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Re: Looking up keys by email address
From: Carl Ellison <firstname.lastname@example.org>
> The NAME: <auth> gives a name binding in the namespace of the issuer -- a
> SDSI name.
SDSI has a mechanism to allow DNS names. For example, "email@example.com"
is a legal SDSI name, being equivalent to "(DNS!! com cybercash cme)"
(approximately - I don't have the docs in front of me). Would the NAME
tag allow this kind of SDSI name? If so, could third parties bind such
DNS names to keys? Or will SPKI require the SDSI name bindings to only
be local names?
> As for delegating NAME permission, SDSI has answered that. The answer is
> that you don't delegate permission to assign names. Rather, you refer to
> some other person's namespace by SDSI's (K1 N1 N2 N3 ... Nk) where K1 is the
> public key of the namespace N1. [This is a departure from the SDSI
> document, which assumed you knew K1 (the key of the cert issuer). I added
> K1 to the name sequence here so that I could detach the name from a cert
> (and therefore knowledge of K1) and still have it mean something.]
I think there are problems with SDSI's naming model, which I won't go
into in any detail right now. Briefly, it is not clear that DNSSEC
is going to be widely deployed in the near future, so I don't think we
can rely on the existence of a DNS key hierarchy. And with local names,
I can't import other people's name spaces en masse, I have to examine each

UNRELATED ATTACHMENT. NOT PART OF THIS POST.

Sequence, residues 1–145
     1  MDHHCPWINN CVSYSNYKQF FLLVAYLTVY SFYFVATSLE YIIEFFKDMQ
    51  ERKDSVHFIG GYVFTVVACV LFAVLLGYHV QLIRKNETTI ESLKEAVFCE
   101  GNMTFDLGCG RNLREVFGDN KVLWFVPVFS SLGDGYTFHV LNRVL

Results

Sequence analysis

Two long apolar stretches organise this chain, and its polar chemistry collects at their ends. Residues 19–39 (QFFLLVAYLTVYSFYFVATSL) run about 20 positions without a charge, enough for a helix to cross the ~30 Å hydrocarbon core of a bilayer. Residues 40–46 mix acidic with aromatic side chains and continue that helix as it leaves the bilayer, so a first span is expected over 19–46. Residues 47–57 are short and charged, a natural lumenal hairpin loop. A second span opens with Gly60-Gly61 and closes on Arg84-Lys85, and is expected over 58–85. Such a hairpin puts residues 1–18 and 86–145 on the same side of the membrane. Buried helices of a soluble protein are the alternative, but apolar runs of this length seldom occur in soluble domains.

one individually and set up my own local alias for it. There is no way
(as I understand it) for me to say that I want to trust all the bindings
made by Verisign and just refer to them in the same way that Verisign did.
Maybe SPKI's delegation fixes this, though:
> The general question you started with -- how to show you accept <auth> from
> issuer Iss -- is that you generate <You, Iss, D, <auth>, V> where D is 1
> greater than the max D you want Iss to be able to issue. For a name cert,
> this gives an interesting effect. It means that you delegate to some other
> source (your own personal namespace agent?) (your private secretary who
> keeps your address book) the authority to make name bindings for you. As a
> result, if you are K1 and your secy is K2, then (K1 N) would equal (K2 N).
There is a small problem with this, different from the naming issues I
am really interested in. The problem is that I have to make assertion
<auth> about Iss, which I may not want to make. In one of your documents
you use a banking relationship as an example. I know my bank's key,
and I want to use it to find the key of the interbank agency, which then
signs another bank's key and which I can use to verify that the other
bank is legit. I want to let the interbank agency make an "Is a bank"
assertion but I want my bank to make only an "Is the interbank" assertion.
However with SPKI I have to give my bank the power to make claims
about what other keys are banks, with the delegate value set to 2.
It then claims that the interbank is a bank, with delegate set to 1.
The interbank then makes the actual claims about which keys are banks.
My bank has to understand through some out-of-band means that even
though I am giving it the power to make claims about what other keys
are banks, it's not supposed to use that power, but rather it is only
supposed to sign the key of the interbank using that delegated power.
Maybe this works, but still what the certificates say does not really
match up with what claims are being made.